King Augeas of Elis by the River Alfeios became the richest man in Greece from the gold he seized as one of Jason’s Argonauts in the Golden Fleece exploration of Colchis, what nowadays is the precious metals, timber, petroleum, grains rich Black Sea lands.
He owned thousands of animals whose manure created air pollution whose stink he could no longer tolerate after 30 years.
Augeas demanded that the cleaner of the barns must do it in one day! Hercules was awarded the job as his fifth of the 12 Labors or more precisely 12 Miracles; in Greek the word is “athlos” from which athletics derived and means achieving the ultimate, the miracle, something like what the medal winners at the Rio Olympics did!
To clean the barns, Hercules rerouted the flow of two rivers through the cattle barns. The combined volume of the rivers flushed out the barn manure in a day, and the feat was hailed as Hercules Principle #1, it being that “The Solution to Pollution is…Dilution!”
It has been applied most successfully in the flushing toilet innovation that has sanitized and deodorized our homes.
Hercules’ Principle #1 is the core tenet of the transformational American legislations of the 1960s and 1970s on water, air, and soil pollution control that were also adopted by the rest of the world.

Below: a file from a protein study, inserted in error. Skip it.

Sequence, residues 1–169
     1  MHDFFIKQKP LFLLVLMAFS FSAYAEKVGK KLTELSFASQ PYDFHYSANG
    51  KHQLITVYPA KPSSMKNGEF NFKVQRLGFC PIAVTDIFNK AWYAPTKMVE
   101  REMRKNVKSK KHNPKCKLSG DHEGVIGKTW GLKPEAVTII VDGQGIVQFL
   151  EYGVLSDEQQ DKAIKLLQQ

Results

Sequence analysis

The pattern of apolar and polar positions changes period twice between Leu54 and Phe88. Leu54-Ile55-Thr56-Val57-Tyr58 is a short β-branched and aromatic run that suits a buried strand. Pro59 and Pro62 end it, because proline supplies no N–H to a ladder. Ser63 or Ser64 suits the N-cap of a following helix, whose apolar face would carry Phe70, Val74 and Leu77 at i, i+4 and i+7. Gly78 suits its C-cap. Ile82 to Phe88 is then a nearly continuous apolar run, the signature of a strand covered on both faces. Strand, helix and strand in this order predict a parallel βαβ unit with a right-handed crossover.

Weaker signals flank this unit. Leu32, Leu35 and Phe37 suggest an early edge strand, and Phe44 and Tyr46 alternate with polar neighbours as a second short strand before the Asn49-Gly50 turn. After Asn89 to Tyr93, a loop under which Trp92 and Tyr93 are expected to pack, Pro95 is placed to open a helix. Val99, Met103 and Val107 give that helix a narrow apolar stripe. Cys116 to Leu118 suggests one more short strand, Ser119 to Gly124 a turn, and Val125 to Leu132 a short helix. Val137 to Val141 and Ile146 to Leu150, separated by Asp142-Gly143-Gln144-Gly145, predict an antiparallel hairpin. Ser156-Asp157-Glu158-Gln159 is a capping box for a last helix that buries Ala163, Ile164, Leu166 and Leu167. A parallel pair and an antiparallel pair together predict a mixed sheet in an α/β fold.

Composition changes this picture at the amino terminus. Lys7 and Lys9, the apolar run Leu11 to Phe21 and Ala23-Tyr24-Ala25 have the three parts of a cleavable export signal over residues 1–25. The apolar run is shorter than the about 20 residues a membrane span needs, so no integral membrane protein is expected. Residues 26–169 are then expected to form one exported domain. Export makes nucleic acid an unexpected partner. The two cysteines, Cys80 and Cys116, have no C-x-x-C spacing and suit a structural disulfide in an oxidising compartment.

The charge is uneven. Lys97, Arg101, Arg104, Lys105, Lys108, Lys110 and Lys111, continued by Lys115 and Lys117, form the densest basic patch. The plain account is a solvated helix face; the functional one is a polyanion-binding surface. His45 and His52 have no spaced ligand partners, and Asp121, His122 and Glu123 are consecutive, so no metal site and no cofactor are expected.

These pioneering policies require that the concentration of materials in effluents must not exceed the capacity of the air, water, and soil resources of the Earth to absorb them without degrading their natural state.
However, the amount of organic wastes and more alarming non- biodegradables has increased manifold especially in the last century, vastly exceeding the capacity of the earth to absorb them.
Acceleration of natural climate changes is one the consequences. As an environmental engineer I claim that Hercules Principle #1 has had as significant an impact on the morphing of our physical world as the morphing of our intellectual world by our Greek philosophers.
Parenthetically, I have used this story in my lectures around the world since the 1960s. As part of my work on animal waste treatment in Singapore as a United nations technical expert, we designed a flushing system to remove the excreta from the barns emulating the feat of Hercules three millennia earlier using a siphon-system, by the way, that was first used in the Knossos Palace in Crete, 4000 years earlier.